Tips on Growing Thrift – Armeria Maritima

Armeria juniperfolia x maritima

Armeria maritima has many local names and is also known as Sea Pink, Cliff Clover, Ladies’ Cushions, Heugh (or cliff) daisy, Armeria juniperifolia or Marsh daisy and Sea thrift.
The colour of the 1″ ball shaped flowers varies from white Alba through pink and mauve to dark red.
The clumps of dark green foliage form good mounds useful for contrast of shape in a rock garden. The densely packed grass like leaves are up to 5 inches long.
Thrift is a perennial but if it browns in the center split the plant.

Cultivation Tips

Thrift grows well in dry, sandy soil or low fertility soil.
It is very salt tolerant hence its appearance as a wild flower along the coast.
Take basal cuttings in summer or divide large clumps in Autumn.
They need full sun all day but can tolerate dry, windy conditions.
Thrift flowers in spring through summer. Remove spent flowers to encourage more blooms.

 

Varieties to consider and Other Names

  • Thrift is also known as Sea Pink, Armeria Maritima, Sea Pink,
  • Armeria maritima alba is a white variety
  • Splendens is the best Pink variety.
  • Bloodstone is dark red.
  • Vindictive is light pink and has an AGM from RHS
  • Laucheana has dark green foliage with bright pink flowers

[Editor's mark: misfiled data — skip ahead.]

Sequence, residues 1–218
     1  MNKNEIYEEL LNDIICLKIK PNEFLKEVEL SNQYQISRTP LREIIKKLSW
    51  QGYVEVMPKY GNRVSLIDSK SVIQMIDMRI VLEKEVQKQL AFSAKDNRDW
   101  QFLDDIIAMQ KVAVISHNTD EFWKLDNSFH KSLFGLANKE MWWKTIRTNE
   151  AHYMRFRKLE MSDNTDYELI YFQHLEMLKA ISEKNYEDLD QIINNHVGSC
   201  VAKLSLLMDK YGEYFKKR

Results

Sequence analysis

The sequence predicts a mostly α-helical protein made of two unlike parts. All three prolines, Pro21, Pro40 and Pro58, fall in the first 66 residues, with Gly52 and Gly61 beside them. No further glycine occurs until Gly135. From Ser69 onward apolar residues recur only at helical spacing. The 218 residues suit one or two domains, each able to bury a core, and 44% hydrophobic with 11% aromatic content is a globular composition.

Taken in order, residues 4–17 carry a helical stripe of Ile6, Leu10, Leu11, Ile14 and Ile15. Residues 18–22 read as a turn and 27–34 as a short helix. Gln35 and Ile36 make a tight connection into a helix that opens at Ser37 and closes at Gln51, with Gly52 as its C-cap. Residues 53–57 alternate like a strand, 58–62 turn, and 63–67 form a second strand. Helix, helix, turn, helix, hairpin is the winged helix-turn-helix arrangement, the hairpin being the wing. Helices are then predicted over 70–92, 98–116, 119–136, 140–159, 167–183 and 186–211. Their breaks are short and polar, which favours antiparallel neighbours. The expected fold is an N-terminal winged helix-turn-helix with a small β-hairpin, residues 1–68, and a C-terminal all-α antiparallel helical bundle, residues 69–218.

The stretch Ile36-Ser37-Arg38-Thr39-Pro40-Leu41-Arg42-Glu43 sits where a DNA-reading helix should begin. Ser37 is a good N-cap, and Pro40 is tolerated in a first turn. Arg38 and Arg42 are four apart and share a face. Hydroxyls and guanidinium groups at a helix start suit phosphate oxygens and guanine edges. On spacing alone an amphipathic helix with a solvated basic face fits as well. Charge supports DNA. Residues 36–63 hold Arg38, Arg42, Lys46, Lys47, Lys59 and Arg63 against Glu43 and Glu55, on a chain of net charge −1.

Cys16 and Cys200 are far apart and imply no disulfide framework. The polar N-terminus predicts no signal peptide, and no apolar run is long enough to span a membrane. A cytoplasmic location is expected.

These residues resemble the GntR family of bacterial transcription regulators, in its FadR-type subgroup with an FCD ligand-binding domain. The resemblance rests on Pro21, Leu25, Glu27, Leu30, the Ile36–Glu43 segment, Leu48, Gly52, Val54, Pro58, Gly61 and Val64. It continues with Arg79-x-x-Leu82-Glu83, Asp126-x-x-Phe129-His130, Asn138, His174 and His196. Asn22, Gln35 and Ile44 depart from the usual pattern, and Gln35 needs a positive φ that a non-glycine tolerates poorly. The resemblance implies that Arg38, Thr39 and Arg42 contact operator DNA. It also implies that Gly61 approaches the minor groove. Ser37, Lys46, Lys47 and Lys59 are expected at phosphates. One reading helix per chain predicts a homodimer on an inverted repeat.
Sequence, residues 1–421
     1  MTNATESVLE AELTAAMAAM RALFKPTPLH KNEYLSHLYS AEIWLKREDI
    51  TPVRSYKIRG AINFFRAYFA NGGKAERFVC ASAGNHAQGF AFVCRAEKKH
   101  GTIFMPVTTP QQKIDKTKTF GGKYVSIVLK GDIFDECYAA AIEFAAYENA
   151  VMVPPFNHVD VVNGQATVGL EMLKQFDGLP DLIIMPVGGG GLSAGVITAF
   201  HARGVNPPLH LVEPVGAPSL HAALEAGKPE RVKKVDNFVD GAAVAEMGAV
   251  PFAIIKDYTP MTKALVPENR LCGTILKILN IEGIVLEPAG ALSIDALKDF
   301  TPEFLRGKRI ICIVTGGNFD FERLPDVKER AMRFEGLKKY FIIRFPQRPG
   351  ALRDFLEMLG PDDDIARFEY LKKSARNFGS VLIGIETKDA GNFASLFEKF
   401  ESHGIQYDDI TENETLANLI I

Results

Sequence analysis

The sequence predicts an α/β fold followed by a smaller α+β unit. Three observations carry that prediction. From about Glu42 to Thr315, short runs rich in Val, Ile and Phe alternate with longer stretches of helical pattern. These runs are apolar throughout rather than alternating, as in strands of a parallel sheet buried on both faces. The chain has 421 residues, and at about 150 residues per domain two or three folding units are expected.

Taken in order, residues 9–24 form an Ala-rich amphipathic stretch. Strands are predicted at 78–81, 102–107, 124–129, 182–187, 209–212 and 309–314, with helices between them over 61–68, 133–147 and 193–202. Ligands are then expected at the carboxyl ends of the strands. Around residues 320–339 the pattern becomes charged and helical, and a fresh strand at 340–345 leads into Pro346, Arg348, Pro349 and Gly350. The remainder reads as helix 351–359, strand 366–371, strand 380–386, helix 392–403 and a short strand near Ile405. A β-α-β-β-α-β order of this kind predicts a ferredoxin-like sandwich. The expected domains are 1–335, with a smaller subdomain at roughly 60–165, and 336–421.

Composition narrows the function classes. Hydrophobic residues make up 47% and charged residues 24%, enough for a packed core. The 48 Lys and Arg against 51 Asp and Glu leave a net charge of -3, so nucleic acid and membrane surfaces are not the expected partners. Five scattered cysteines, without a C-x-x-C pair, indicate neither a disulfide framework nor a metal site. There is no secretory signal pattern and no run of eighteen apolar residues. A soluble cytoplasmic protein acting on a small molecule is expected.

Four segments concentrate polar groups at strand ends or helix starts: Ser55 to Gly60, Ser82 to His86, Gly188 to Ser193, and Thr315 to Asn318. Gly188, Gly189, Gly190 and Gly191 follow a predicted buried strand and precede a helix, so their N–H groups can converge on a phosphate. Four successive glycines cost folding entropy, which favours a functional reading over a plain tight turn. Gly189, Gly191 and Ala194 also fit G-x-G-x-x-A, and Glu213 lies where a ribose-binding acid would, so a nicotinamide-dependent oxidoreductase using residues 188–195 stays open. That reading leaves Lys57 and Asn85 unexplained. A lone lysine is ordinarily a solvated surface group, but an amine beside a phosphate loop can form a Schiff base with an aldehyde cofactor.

• Rubrifolia ihas dark bronze grass-like foliage turning deep red in winter and a cluster of pink globe shaped flowers

Unusual Facts about Thrift

    • The old 3d bit the 12 sided British coin has a thrift plant on the obverse side.
    • Thrift is a good nectar plant much appreciated by butterflies and moths.
    • Thrift makes an interesting cut flower and can also be dried.
    • Buy Seeds

from Thompson & Morgan.

  • Sea Pinks are good plants for the coast.
  • Thrift can absorb large amounts of copper and survive in contaminated soil.

Images of Thrift

Old Tips From Gardeners Tips

Thrift

Tips for Growing Perennial Sea Thrift

  • Looks good in walls and rockeries and will stand an open windy position
  • Deadheading will prolong flowering.
  • Makes a clump of grass like leaves and flower stalks are 6 inches long with white pink or red flowers
  • Dividing large clumps should be done in early spring to rejuvenate plant.
  • Can be grown from seed
  • Prefers well drained soil or the plant may rot in center.
  • Sea Pinks do not need fertiliser but like a sandy soil.

Photo credit by Captain Oates at the Seaside


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